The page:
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Air Travel with Your Pet

By Edited Apr 27, 2014 0 0

Air travel with your animal involves a lot of forethought and prep work. This is a new experience for you and your pet so you want it to go as smoothly as possible. With the right planning you can have an enjoyable experience without having to leave your animal behind. Here are some things you should do before planning a trip to the airport.

First things first, if your pet doesn't already have one, it will need an ID tag before it can travel by air. These can be purchased at places like Wal-Mart or your local pet store. They usually run about $7.00 and they are well worth it. You should include your name, address, and current phone number. A lot of countries, including Europe, require that your pet have an embedded microchip identification tag when traveling by air. Veterinarians and shelters are the only persons and facilities that can read this number. You can order these online for about $50.00. You can enter your pet's information in a free PETLINK international database that is included in this price. You should also schedule your animal for a visit to the vet no more than 10 days prior to traveling by air. During your visit make sure that all vaccinations are up-to-date. Obtain any vaccinations that are required by law pertaining to your destination. Before you air travel with your pet obtain your pet's vaccination record, including rabies shots, along with a certificate of health from your vet. Make sure that you bring an current photograph along, as well as, a digital copy, incase your pet gets lost.

Your pet should be at least 8 weeks old and weaned before it can travel by air. You will want to bathe, groom, and clip your pets nails. You will want to bring along your animals favorite blanket, toys, are food dish to make them feel more comfortable. You should not feed them a big meal before traveling to prevent them from becoming sick. If I were you, I would bring along a portable kennel for hotel rooms. Animals left alone in a strange environment can experience separation anxiety and a portable kennel will ensure your pet doesn't tear up anything in the hotel room. You can also place a do not disturb sign on your door when leaving your room so that the maid doesn't startle your pet.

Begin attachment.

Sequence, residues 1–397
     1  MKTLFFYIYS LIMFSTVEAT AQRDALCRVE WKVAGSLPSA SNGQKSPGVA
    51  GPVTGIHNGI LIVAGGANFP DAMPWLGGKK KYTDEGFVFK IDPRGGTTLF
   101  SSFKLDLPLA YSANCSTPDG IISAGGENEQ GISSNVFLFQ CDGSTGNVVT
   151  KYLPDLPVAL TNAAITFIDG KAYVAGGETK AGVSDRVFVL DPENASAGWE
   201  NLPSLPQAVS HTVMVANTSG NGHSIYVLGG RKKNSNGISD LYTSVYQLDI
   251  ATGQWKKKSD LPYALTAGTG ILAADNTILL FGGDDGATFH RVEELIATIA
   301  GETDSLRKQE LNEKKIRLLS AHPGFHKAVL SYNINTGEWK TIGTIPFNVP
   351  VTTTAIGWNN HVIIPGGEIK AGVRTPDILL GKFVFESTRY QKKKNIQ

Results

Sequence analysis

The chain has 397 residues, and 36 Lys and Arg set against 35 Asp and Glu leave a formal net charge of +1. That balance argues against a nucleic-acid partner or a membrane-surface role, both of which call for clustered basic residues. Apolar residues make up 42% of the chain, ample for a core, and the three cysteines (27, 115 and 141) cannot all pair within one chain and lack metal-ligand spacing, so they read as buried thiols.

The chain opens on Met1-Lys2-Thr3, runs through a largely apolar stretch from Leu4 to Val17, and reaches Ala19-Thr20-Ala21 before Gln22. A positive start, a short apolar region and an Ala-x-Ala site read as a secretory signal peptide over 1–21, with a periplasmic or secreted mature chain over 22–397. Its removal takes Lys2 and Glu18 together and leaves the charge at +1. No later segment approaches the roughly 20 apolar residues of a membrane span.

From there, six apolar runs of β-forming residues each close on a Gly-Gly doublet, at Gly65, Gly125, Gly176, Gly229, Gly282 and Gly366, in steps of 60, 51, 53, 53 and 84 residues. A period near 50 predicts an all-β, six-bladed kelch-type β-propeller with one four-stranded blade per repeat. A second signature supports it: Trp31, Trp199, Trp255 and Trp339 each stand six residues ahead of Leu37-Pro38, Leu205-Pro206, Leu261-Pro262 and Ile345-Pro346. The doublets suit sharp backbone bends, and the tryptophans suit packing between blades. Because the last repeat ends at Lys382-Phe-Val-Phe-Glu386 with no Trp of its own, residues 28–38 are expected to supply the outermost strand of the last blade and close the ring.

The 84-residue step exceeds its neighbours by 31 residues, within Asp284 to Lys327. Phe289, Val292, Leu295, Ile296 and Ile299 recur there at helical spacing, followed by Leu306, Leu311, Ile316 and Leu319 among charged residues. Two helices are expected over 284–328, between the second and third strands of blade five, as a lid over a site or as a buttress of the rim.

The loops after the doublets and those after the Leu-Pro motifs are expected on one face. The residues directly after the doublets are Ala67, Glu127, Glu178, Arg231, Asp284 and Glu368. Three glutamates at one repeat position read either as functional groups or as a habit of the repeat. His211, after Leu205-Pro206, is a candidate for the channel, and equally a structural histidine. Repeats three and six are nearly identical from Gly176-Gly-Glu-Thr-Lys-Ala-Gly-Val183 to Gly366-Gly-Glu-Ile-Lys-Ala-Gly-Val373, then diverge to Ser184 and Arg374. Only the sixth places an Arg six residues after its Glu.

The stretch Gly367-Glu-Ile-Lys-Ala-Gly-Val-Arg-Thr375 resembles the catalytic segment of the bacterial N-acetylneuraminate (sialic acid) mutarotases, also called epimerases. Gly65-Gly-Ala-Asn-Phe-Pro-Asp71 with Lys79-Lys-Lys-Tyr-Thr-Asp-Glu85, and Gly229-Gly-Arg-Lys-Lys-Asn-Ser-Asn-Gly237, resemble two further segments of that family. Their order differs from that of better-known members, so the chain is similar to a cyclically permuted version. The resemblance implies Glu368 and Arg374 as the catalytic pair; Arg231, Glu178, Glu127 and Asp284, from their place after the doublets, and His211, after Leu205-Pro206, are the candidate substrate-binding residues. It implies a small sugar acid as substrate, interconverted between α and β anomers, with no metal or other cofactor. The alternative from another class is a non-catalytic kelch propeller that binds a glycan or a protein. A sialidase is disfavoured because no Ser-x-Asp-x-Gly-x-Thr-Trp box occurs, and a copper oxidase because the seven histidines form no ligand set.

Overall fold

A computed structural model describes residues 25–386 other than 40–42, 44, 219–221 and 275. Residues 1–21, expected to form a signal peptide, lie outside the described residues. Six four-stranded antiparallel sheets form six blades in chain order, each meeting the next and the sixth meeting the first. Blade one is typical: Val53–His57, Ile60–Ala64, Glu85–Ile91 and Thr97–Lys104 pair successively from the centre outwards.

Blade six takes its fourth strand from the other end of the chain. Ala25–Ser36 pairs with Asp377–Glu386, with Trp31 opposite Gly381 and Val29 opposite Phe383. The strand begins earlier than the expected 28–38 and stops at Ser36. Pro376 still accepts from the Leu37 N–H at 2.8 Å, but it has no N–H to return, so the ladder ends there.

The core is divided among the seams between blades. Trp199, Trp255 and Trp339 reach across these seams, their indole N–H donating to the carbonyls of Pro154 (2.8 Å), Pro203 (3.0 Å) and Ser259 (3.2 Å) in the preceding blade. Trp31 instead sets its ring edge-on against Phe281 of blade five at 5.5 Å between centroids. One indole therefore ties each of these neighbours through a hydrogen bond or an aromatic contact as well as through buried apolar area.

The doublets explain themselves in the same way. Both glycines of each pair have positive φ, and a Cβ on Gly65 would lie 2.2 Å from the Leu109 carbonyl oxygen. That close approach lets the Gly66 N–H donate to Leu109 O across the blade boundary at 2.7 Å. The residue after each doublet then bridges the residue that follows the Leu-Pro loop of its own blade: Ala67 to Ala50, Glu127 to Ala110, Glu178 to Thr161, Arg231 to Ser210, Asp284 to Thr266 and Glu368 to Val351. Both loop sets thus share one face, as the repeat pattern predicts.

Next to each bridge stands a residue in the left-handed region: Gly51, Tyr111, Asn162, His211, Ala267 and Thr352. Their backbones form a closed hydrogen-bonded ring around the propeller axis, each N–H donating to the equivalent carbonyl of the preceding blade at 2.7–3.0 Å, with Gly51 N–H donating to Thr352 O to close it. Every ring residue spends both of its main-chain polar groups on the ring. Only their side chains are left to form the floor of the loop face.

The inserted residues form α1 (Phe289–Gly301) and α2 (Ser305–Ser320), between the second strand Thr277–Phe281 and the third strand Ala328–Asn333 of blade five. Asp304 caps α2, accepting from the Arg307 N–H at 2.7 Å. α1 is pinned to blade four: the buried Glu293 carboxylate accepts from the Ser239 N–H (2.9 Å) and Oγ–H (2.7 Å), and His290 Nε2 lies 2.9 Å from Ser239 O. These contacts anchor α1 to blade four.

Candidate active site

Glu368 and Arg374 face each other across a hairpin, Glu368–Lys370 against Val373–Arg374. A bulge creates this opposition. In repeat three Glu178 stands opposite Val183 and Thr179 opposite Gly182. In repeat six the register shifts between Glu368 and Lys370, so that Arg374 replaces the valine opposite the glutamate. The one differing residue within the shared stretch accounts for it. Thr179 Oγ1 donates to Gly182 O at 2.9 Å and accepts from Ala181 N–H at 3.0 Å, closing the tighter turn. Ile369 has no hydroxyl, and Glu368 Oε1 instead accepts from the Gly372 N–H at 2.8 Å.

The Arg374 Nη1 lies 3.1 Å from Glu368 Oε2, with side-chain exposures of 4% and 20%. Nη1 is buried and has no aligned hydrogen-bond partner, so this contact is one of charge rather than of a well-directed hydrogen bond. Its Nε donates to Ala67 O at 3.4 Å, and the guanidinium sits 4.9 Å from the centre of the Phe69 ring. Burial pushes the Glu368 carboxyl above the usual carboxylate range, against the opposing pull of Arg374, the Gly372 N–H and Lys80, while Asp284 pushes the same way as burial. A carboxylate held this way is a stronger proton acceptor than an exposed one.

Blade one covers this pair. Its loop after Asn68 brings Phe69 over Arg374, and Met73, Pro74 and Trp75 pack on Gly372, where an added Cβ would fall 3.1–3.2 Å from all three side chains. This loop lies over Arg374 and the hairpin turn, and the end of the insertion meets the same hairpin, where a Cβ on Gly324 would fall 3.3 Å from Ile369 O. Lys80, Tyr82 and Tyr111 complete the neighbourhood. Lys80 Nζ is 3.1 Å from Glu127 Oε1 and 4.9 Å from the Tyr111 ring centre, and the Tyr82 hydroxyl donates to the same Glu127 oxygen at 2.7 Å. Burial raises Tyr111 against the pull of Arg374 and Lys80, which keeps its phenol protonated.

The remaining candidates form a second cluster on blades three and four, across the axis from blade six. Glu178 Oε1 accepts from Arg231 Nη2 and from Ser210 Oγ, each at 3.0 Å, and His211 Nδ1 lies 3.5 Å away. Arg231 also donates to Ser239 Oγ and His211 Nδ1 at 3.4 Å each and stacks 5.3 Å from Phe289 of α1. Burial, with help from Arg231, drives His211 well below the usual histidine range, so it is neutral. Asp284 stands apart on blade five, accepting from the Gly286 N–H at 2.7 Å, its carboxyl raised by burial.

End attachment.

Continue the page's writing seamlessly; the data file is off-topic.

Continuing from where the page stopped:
Something to consider if your pet belongs to the bradycephalic breed. An English bulldog is an example of this type of breed. These animals have a short pushed in nose and a flat face. They usually have noisy breathing, and can suffer from heat exhaustion very quickly. Be cautious when traveling with these breeds of pets. There are carriers that are specifically made to carry on airplanes that fit under the seats. If your animal is small enough consider purchasing one of these. If not try to book nonstop flight before any air travel with your pet will be taking place. If it cold weather try to fly midday. If it is warm fly later in the day. Bring a leash with you incase your pet has to go through the scanner. You should place your pet in its crate yourself. Airlines have these or you can get them at the pet shop. When you board your plane notify the flight attendant that you have an animal in cargo. Before you fly, always check with your airline to be confident that you are up-to-date with the latest regulations regarding your pet, and you should have a worry free trip.



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